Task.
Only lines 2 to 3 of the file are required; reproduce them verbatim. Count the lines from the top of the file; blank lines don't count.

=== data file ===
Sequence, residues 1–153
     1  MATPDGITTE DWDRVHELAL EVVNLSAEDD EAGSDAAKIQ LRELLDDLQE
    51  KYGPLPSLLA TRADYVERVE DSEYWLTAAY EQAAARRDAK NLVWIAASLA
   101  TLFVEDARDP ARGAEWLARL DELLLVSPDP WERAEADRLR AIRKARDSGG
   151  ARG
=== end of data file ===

     1  MATPDGITTE DWDRVHELAL EVVNLSAEDD EAGSDAAKIQ LRELLDDLQE
    51  KYGPLPSLLA TRADYVERVE DSEYWLTAAY EQAAARRDAK NLVWIAASLA